Seriously, I get the impression that maybe you gave up on this video too early; I think all the detail about the Halcyon, its crazy ambitious futuristic feature set, the financial boondoggle it became, its ambitious and deeply flawed flagship game "Thayer's Quest" and that game's various reincarnations for other platforms including PCs and DVD players (!) -- really, I think there's a lot in this video you'd seriously like.

A critical analysis of what, precisely, is wrong with Dragon's Lair could be really interesting, but that's just not the object here. This thing is doing something else, and I promise it's also something good and interesting and worth giving a chance.
posted by a mirror and an encyclopedia at 6:29 AM on December 31, 2017 [5 favorites]


Yeah, you see, his style completely lost me before I got to some of that. Maybe I'm just an old fogey these days. But then I already knew all about Dragon's Lair, so maybe I'm not the target audience. 40 minutes is a lot of investment for something that starts out wasting time.

I don't know. I might try again later. Have work to do. Thanks for the information.
posted by JHarris at 7:31 AM on December 31, 2017


Dragon's Lair was a revelation when it came out and remains captivating if only for its visuals, which are amazing. Remember also that, apart from the opening and ending sequence, the castle chambers were presented in a mostly random order. Yeah, it was a flawed game, but we're still talking about it, unlike Mappy, which I had never heard of. And I spent a ton of time in arcades in the 80's.

I can see how the narrator's style can be grating - he clearly thinks he's hi-larious - but the structure of the video turns out to be pretty slick and surprisingly free of meaningless info.
posted by grumpybear69 at 7:51 AM on December 31, 2017 [1 favorite]


I seem to also remember another laserdisc game whose attract mode depicted a noose and maybe also a swinging pair of legs. I thought maybe it was Cliff Hanger but can't find anything on YouTube that matches the memory. Or maybe I was so FREAKED OUT at the time by laserdisc games that I constructed false memories.
posted by RobotVoodooPower at 8:39 AM on December 31, 2017 [1 favorite]


unlike Mappy, which I had never heard of.

You just were in the wrong arcades, Mappy's not an A-tier Namco property but it's solidly B-tier, along with the likes of Skykid and Rolling Thunder. At the very least, the music is terrific. I even saw it played on Starcade a couple of times.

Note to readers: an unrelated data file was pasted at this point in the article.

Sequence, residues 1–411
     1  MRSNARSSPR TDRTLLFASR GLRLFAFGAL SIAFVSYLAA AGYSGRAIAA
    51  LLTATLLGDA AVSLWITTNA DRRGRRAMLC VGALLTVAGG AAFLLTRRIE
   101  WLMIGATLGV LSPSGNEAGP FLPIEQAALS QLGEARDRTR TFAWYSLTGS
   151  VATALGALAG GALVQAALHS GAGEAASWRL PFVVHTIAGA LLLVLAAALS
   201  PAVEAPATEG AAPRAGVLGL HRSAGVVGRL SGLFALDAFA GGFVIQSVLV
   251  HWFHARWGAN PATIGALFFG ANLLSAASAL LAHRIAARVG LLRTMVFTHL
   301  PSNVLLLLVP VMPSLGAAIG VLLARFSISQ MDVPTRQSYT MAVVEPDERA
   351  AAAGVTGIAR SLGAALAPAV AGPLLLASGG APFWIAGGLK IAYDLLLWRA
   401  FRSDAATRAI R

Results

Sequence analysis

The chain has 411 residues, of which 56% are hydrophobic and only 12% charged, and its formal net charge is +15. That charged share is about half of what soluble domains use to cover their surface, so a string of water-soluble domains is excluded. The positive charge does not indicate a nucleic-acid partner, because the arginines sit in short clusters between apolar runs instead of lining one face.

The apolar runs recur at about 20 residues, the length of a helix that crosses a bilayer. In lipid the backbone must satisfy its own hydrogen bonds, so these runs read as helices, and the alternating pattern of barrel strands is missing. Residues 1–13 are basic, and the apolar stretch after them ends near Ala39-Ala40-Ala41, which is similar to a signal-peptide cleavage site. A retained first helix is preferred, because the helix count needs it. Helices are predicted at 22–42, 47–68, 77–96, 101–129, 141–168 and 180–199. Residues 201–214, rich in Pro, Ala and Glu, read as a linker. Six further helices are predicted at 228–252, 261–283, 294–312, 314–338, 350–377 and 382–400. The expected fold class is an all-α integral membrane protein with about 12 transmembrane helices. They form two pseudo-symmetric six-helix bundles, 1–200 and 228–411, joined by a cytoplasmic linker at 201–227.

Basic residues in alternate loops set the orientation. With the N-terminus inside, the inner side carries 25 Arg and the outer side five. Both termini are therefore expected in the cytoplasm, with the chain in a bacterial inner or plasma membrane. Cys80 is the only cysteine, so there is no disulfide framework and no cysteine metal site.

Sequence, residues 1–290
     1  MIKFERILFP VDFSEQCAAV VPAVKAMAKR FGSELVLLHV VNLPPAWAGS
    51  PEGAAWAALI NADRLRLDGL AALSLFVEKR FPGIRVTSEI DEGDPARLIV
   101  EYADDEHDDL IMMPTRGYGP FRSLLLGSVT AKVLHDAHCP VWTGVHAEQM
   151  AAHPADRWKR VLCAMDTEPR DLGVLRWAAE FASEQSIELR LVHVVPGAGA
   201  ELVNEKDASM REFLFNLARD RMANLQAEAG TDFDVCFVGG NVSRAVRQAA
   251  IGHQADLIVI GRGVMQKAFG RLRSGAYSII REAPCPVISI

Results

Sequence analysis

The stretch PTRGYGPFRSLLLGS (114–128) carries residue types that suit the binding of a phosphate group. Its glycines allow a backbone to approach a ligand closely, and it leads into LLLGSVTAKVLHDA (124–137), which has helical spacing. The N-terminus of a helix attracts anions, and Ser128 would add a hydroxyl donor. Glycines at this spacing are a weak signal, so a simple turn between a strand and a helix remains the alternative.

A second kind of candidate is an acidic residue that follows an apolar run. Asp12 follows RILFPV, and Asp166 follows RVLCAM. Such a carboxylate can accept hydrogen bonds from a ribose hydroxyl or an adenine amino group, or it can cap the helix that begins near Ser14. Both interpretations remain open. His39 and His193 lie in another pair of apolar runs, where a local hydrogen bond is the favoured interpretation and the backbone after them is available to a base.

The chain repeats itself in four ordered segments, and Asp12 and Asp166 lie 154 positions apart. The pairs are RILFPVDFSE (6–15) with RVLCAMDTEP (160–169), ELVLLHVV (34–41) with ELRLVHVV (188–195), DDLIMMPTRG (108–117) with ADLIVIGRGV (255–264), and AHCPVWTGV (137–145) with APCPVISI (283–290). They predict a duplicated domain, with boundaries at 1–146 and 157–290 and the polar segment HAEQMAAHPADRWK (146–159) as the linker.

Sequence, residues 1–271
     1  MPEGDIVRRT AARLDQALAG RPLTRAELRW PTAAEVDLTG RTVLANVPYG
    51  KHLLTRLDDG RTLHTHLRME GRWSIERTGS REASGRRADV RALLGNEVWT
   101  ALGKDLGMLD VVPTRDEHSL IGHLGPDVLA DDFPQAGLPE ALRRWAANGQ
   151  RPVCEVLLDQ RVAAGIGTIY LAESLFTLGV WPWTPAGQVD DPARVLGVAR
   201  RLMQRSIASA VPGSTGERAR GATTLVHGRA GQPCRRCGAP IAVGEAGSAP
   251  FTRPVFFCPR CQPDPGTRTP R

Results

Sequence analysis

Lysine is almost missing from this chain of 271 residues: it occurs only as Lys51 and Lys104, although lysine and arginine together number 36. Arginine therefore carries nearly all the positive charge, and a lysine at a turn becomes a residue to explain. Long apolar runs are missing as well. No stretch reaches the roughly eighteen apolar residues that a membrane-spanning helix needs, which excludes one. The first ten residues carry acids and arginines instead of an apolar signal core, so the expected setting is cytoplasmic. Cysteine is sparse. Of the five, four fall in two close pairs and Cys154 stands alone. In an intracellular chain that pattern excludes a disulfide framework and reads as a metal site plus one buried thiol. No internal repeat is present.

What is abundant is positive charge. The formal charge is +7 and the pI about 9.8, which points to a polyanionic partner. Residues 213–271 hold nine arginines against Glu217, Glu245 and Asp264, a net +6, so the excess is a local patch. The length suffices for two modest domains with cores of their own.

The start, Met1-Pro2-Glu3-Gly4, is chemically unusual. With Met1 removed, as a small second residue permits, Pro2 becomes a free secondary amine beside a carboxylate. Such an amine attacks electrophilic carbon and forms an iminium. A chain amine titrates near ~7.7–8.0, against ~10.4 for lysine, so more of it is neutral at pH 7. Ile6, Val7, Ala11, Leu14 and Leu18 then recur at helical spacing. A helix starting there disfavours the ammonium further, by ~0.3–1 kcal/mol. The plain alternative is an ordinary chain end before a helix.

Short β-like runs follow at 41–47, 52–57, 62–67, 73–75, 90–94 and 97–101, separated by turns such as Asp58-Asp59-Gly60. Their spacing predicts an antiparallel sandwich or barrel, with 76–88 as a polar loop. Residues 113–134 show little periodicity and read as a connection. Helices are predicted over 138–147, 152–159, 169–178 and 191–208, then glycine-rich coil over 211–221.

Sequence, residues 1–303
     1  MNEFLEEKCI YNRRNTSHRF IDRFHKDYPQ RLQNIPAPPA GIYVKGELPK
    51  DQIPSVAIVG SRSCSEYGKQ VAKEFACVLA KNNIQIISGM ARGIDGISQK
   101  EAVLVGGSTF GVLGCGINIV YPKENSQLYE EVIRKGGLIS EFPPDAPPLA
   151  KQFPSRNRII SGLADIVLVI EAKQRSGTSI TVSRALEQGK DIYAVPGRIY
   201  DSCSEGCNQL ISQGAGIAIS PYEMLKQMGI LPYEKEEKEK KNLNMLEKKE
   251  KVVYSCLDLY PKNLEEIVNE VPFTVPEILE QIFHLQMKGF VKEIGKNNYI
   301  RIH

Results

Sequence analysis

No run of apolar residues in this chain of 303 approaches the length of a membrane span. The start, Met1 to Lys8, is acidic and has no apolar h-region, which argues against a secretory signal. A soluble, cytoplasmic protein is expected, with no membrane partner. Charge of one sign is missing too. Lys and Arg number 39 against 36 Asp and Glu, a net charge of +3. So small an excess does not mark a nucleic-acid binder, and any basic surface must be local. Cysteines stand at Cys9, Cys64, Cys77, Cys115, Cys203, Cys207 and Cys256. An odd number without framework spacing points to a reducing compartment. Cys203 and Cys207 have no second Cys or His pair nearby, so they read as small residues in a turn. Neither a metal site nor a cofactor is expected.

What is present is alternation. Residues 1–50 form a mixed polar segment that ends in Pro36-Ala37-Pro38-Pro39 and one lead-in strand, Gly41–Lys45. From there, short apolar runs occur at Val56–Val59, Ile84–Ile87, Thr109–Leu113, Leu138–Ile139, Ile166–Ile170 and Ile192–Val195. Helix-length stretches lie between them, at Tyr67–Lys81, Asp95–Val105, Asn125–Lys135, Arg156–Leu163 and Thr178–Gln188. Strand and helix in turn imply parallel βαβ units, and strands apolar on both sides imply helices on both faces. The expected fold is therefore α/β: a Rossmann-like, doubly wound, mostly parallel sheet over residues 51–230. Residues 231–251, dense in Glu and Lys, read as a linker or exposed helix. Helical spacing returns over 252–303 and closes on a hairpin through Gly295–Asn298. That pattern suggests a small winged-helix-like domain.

Enemy cat character "Goro the Big Bit" from Mappy is kind of an unofficial mascot for Namco in some of their games; his Japanese name is, wonderfully, "Nyamco." Anyway, Mappy's greatest flaw is arguably being released right in the middle of the crash. The original Mario Bros. would probably be similarly forgotten if it weren't the direct inspiration for one of the greatest console games of all time.
posted by JHarris at 8:41 AM on December 31, 2017


Well, the arcades I frequented had a Bega's Battle machine. The melting face in that intro freaks me out to this day.

@RobotVoodooPower - the noose death is indeed Cliffhanger.
posted by grumpybear69 at 8:58 AM on December 31, 2017 [1 favorite]


I'm not sure if any laserdisc arcade game could have been much more than Dragon's Lair, just from the economics of such an expensive cabinet. It needed to mercilessly eat quarters to make sense.
The Rick Dyer/Halcyon angle was interesting. It's too bad he didn't get an interview... it'd be interesting to know what happened.
posted by netowl at 9:17 AM on December 31, 2017


I enjoyed the trip down memory lane, although I think his thesis is totally incoherent.

I HATED these games when I was a kid, and my preference for satisfactory mechanics and input feedback has continued to the present day.

Anyone remember those fucking terrible hologram games? I think there was a cowboy?
posted by selfnoise at 9:57 AM on December 31, 2017 [1 favorite]


Aha, I was thinking of Time Traveler, and would you look at that, it's designed by Rick Dyer. Not mentioned in this video at all unless I missed it.
posted by selfnoise at 10:01 AM on December 31, 2017


Thanks grumpybear, that was a pretty creepy scene -- I really thought it was part of the attract mode since I don't remember anyone playing the machine. I may have tried it once.
posted by RobotVoodooPower at 10:35 AM on December 31, 2017 [1 favorite]


I feel like I watched a different video than a lot of you. It wasn't really about the game, or even nostalgia.

The opening bit about Stonehenge eventually becomes a callback to the idea of anonymous builders creating an icon, and most of the video is about Rick Dyer, who is largely anonymous, and built what is unarguably an iconic game (even if it wasn't any good as a game).